The advisories, and patches published with the bulletins, range from an "important" flaw affecting only Microsoft Windows NT Server to a collection of eight security holes, including three rated "critical," that leave Internet Explorer open to attack. Microsoft's highest severity rating for software flaws is its "critical" ranking, while "important" is considered slightly less severe.
One flaw, in Microsoft Excel, even affects Apple Computer's Mac OS X.
The abundance of flaws could leave corporate PCs vulnerable to attack if administrators are not able to patch quickly. A similar situation occurred in April, when Microsoft. While one security hole stood out among those 20--and led to the widespread Sasser worm--there are no standouts in the current gaggle of goofs.
"Our challenge is trying to guess what the criminals are going to attack," said Stephen Toulouse, security program manager for Microsoft's security response team. "The guidance we are giving in general is to treat the critical ones first."
A single computer would not be vulnerable to all the flaws, Toulouse added.
Oliver Friedrichs, senior director of Symantec's security response center, said three vulnerabilities could lead to a Sasser-like worm, but the danger is lessened by the fact that the vulnerable services are not started by default on most versions of Windows. These flaws are related to three network protocols that are not generally activated on Windows computers: Simple Mail Transfer Protocol (SMTP), Network News Transfer Protocol (NNTP), and Network Dynamic Data Exchange (NetDDE).
"Blaster and Sasser targeted core system vulnerabilities, where if you didn't have the patch you were vulnerable," Friedrichs said. "The key thing here is that these are not (generally) enabled by default.The question is how large is the deployment of vulnerable systems."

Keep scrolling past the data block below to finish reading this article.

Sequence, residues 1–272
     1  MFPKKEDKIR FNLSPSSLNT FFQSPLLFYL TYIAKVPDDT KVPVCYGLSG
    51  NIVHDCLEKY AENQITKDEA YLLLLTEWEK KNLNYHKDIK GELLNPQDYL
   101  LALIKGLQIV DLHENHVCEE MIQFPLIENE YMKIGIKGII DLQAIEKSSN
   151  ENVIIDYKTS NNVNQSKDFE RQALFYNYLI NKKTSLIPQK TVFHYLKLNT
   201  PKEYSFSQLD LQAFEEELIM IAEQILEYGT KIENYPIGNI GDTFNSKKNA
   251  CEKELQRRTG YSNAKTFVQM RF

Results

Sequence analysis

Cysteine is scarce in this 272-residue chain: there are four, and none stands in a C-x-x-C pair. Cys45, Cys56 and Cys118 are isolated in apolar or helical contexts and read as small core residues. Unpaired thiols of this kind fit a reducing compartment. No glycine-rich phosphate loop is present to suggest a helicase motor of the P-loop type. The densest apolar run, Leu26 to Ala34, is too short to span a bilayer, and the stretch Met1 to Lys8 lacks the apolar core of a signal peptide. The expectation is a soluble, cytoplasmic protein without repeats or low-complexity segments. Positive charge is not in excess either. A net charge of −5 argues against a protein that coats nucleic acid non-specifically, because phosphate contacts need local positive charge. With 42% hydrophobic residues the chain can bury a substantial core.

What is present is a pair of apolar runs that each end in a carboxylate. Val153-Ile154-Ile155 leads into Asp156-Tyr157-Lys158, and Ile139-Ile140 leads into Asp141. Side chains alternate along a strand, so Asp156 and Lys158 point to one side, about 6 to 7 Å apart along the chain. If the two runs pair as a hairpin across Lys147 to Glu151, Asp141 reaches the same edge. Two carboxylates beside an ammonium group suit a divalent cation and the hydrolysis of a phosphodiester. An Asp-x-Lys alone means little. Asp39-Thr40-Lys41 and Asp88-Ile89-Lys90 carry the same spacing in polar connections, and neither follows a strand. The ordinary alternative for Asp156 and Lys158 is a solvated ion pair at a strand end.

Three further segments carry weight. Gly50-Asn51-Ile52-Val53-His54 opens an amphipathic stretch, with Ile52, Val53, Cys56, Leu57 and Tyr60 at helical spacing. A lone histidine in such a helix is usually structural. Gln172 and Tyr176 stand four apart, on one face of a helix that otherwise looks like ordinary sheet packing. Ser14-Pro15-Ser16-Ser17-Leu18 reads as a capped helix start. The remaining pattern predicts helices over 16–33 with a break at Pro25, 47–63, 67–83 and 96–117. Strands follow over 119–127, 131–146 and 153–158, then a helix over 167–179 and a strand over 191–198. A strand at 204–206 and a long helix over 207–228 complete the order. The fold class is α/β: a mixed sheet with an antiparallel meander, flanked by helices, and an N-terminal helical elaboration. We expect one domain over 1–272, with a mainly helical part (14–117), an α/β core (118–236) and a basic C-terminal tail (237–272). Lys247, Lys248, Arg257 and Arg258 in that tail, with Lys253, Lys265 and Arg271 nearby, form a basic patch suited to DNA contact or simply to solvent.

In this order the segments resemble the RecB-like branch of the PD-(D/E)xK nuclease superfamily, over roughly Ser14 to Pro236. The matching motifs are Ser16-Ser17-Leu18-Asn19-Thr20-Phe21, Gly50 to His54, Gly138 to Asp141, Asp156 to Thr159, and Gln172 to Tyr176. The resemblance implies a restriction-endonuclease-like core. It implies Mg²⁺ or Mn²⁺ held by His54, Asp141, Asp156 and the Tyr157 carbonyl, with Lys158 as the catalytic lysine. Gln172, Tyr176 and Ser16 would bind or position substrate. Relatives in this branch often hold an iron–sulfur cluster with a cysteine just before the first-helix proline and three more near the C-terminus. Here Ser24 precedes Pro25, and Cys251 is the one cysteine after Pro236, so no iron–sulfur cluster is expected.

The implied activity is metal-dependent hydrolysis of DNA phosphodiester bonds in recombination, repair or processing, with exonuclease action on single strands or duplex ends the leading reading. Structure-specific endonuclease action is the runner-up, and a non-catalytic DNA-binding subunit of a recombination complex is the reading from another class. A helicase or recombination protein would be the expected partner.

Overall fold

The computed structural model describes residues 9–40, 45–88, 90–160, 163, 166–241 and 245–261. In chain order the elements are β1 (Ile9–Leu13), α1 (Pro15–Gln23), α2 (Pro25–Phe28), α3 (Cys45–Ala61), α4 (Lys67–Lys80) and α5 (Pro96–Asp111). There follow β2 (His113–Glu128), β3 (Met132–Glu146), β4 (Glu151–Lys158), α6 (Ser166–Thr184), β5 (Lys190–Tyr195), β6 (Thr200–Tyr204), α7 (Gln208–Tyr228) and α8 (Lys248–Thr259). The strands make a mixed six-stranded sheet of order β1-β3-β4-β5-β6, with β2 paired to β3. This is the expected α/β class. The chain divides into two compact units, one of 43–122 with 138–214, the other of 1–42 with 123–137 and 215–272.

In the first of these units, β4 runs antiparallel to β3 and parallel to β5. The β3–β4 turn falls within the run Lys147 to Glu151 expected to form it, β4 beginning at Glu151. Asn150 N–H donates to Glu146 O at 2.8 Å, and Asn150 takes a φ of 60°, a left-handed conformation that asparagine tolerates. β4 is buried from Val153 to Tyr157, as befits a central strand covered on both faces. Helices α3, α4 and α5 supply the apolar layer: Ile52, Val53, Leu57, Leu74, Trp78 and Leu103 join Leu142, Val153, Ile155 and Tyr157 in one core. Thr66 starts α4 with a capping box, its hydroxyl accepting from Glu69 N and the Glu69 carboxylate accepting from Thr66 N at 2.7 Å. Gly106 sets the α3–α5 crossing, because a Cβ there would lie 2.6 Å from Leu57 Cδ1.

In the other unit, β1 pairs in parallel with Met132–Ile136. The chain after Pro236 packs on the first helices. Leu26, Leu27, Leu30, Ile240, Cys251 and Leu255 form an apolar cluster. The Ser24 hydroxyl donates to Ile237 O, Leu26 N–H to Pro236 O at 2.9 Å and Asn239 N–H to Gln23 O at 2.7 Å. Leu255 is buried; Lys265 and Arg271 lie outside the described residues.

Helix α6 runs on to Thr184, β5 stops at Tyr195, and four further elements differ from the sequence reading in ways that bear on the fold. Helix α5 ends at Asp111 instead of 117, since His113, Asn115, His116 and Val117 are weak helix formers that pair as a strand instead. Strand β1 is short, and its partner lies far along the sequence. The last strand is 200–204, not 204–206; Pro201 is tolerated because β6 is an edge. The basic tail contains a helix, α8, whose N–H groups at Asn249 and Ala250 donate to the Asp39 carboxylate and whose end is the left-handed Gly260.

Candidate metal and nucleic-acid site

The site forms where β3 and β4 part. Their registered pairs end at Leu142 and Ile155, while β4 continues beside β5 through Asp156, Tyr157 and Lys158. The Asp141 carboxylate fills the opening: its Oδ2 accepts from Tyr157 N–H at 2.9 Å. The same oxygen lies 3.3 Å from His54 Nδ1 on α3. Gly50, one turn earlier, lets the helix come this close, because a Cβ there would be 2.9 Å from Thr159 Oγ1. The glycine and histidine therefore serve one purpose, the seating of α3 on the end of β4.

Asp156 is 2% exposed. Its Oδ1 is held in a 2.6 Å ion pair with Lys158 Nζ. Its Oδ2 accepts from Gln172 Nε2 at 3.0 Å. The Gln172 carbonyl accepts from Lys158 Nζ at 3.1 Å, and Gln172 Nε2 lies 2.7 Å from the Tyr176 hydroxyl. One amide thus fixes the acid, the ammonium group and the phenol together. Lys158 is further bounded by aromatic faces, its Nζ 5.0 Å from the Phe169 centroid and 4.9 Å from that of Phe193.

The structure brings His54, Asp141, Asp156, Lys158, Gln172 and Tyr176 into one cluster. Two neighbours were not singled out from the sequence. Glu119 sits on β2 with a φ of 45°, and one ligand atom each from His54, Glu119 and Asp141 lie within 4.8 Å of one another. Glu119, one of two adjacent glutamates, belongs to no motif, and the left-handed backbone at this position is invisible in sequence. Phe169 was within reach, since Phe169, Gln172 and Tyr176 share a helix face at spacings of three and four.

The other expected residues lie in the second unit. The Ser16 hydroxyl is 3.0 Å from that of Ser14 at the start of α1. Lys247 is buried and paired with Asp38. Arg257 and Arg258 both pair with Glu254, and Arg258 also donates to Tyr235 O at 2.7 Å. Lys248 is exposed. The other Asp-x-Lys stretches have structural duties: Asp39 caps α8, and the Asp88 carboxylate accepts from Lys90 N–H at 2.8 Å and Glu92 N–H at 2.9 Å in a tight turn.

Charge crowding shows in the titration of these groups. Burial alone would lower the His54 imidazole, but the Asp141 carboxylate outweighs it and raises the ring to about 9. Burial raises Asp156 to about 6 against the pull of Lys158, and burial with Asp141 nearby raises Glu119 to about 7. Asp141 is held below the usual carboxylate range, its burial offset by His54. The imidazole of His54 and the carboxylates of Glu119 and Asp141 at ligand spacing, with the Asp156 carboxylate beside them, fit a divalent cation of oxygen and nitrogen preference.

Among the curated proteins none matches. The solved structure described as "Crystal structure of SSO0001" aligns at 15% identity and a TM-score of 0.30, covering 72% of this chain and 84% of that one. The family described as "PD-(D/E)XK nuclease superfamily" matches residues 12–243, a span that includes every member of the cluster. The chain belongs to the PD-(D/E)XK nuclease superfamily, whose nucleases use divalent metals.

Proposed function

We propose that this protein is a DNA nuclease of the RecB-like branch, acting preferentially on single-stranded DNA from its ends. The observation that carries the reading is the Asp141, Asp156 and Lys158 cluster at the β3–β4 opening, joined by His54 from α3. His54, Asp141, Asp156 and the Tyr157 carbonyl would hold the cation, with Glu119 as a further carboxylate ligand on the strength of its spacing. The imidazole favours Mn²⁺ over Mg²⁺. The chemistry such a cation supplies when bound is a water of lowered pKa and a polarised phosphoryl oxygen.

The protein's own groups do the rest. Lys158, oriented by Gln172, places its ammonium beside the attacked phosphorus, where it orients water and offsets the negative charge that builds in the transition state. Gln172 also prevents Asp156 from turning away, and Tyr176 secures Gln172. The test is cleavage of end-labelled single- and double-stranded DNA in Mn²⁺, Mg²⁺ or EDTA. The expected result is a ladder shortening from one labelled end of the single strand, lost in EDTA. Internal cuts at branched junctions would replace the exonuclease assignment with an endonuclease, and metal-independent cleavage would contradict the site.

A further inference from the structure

Microsoft rates the SMTP flaw critical only for Microsoft Exchange Server 2003. The NNTP flaw is rated critical for Microsoft Exchange 2000.
The other major class of flaws are those that affect applications on desktop computers, such as Internet Explorer and Excel. Threats to so-called client-side applications have been growing, Friedrichs said.
Of the current crop of vulnerabilities, 12 fall into that category. Of these, Microsoft rated five critical: three of the eight vulnerabilities in Internet Explorer, as well as two flaws in Excel.
Several of the flaws could be used to create Web content that would run a program from the Internet, if a victim could be lured to the malicious Web site.
Symantec raised its overall Internet Threat Condition to 2 from 1, on account of the newly released vulnerabilities.
Microsoft has also re-released a patch from, fixing a conflict with Windows XP Service Pack 2.